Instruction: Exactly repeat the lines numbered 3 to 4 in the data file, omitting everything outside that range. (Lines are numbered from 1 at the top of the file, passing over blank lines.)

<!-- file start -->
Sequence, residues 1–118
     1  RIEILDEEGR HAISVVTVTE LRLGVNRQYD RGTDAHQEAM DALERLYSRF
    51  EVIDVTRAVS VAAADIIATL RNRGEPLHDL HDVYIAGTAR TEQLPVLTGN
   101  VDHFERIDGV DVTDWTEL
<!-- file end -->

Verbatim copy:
    51  EVIDVTRAVS VAAADIIATL RNRGEPLHDL HDVYIAGTAR TEQLPVLTGN
   101  VDHFERIDGV DVTDWTEL